"What other models have you read about that get good reviews?"
Several of the bikes I have read about get good overall reviews, but the one that seems to get the best comments ("Climbs well, descends well, great fun to ride, no weaknesses, has agility and stability" type of comment) is the Merida e-160. Obviously the top-spec e-160-900 gets the best comments, but the lower spec e-160-800 clearly won the 11 bike "under 5,000 pound" test here:
http://ebike-mtb.com/en/review-11-e-mtb ... omparison/
This review has links to the detailed reviews for each of the 11 bikes.
and the -900 spec had won the similar comparison for a higher price bracket.
"Why would the 29" version only have 120mm travel?"
2 reasons: Most MTB manufacturers seem to be offering the 29" wheels in more "cross country" rather than "all mountain" or downhill bikes. One reason I have read is that the larger diameter wheels are more fragile and cannot take side force and big hits as well as the smaller diameter wheels.
Also, they roll over bumps easier than smaller wheels and don't need as much suspension.
But I take your point about the outside diameter of a 2" 29 and a 3" 27.5 being close. One e-MTB I have read about does offer a reversible insert for the rear axle to convert the bike between 27.5" wheels and 29" wheels, implying that there is a difference. However, possibly that bike is not set up to run 3" tyres with the 27.5" rims.
"Wow, you're almost describing Frey's current AM1000 exactly"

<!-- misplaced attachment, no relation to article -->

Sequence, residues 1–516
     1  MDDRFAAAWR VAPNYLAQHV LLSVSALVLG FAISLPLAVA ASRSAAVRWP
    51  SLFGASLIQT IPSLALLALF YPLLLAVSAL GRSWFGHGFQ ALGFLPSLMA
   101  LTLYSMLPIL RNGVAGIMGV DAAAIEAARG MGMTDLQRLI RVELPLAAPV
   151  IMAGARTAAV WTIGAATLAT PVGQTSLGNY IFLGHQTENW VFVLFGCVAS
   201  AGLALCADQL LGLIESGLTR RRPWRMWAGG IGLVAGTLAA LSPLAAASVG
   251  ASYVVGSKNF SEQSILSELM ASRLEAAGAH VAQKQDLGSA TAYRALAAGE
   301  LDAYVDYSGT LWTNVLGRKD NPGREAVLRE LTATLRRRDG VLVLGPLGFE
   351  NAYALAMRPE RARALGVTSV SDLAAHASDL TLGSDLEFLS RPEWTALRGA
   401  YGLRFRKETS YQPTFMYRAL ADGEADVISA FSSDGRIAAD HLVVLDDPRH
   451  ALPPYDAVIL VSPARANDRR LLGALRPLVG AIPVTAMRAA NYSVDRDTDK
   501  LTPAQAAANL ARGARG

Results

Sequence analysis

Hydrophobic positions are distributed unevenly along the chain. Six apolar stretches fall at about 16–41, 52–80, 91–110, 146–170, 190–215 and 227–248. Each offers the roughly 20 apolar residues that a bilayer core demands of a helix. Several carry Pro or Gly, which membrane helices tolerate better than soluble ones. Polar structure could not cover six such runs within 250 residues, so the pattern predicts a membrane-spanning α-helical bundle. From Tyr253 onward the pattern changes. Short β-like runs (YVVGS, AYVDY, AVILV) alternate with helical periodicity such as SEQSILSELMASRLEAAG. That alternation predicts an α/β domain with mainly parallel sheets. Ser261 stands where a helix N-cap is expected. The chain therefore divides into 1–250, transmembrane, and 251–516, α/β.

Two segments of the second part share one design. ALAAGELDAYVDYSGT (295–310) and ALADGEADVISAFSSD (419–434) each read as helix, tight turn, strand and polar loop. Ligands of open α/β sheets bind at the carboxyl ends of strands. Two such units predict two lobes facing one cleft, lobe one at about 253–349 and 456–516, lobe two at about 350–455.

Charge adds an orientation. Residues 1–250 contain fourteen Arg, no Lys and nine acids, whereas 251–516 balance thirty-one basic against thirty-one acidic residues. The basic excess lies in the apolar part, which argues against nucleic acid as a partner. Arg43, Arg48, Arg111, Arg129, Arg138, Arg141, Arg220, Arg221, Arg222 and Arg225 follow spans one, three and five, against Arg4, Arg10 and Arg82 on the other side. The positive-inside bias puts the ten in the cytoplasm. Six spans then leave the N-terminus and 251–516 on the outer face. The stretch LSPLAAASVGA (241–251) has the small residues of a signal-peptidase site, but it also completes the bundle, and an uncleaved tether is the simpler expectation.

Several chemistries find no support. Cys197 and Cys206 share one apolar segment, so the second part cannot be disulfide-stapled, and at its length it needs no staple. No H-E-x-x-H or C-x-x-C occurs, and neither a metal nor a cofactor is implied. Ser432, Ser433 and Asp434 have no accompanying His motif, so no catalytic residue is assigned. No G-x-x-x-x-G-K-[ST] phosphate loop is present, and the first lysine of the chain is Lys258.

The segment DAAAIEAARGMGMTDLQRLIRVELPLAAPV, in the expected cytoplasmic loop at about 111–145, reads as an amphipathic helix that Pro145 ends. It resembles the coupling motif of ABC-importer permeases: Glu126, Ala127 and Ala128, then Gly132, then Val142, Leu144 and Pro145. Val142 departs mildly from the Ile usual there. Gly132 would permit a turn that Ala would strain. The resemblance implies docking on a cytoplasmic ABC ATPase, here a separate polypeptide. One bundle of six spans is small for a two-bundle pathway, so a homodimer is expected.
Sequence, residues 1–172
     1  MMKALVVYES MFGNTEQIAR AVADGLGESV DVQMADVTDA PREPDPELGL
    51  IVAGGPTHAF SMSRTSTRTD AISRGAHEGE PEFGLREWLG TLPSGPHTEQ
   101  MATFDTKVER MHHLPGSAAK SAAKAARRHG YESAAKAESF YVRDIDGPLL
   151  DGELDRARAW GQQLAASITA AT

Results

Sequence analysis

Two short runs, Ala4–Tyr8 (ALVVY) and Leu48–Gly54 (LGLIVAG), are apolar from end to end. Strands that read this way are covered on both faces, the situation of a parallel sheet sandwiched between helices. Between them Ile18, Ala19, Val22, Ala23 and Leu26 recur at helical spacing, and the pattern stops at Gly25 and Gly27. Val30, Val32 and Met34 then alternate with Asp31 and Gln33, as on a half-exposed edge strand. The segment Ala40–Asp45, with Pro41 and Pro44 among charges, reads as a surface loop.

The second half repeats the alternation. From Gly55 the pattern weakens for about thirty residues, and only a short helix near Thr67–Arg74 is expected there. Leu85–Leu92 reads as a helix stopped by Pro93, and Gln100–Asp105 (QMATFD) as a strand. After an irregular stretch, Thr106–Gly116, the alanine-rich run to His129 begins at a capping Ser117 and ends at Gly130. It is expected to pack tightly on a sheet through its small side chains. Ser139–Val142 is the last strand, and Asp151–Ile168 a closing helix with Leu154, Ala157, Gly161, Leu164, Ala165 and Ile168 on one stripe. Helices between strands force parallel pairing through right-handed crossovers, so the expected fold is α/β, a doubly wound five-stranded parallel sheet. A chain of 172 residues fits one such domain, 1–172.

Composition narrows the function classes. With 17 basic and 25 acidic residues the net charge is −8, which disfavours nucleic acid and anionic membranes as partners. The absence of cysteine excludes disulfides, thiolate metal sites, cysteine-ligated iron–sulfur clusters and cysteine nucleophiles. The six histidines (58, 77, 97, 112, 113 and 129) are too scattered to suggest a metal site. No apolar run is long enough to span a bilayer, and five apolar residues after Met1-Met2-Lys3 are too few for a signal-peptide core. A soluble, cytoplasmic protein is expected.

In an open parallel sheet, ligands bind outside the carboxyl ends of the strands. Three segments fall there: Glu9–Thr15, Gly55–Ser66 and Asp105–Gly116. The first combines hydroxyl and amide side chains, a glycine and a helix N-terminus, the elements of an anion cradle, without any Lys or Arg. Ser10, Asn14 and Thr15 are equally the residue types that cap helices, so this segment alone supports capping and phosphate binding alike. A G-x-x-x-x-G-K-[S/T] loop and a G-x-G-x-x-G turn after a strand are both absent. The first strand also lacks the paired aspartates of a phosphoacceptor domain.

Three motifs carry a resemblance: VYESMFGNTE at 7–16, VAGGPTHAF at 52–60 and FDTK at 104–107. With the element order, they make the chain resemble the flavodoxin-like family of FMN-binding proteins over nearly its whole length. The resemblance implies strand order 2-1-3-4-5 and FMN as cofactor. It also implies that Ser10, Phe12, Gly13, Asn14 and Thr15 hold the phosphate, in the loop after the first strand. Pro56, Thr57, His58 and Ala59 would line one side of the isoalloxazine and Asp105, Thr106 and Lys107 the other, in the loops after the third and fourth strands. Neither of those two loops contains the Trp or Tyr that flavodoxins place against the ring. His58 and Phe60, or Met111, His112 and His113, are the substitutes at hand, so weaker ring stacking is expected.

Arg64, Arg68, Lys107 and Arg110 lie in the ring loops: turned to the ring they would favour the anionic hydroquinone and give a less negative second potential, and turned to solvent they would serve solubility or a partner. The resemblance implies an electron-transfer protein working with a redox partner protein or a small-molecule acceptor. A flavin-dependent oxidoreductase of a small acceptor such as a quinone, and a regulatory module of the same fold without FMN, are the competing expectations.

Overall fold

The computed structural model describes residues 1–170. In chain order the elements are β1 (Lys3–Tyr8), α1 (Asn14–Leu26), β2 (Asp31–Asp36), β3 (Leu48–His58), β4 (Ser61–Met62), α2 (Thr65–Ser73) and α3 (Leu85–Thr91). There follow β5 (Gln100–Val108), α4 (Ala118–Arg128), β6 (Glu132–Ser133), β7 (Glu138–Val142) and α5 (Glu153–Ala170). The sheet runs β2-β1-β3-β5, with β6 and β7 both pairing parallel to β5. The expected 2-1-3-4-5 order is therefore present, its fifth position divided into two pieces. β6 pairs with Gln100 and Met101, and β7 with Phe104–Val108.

If I had been less busy yesterday I had planned to look at the specs for the AM1000 before posting, but ran out of day. That's great.. looks as though they are doing their homework.
It would be interesting to know what the rear centre distance is on that bike. With the bulk of the Ultra motor unit, the Horst link back suspension and the clearance for big tyres, I imagine it is well over 450mm.
I watched a YouTube video about Bafang's products including the M600, and they specifically said that they had designed the motor unit so that short rear-centre lengths were possible, which is great. The comments from the tests above, and others I have read, indicte that too long a rear centre distance reduces the bike's agility, but of course it is all a compromise.
Weight: All of the bikes in the comparison test mentioned above were between 22 and 24kg. It would be great if Frey could get into that range as well, or not much more.
Battery capacity: My 2 hour ride on the Turbo Levo used about half the battery capacity, and maybe 80% of my personal fitness, so I doubt that I personally would need a battery bigger than 400 or 500 Watt-hour capacity. Saying that, I am not so young any more, and there are many others who would be able to keep riding all day. Possibly offer a battery around 450Wh standard with an optional higher capacity battery at extra cost?
If only one battery offered, make it at least 500Wh so it is up with the opposition brands in spec, and you can get a decent ride out of it.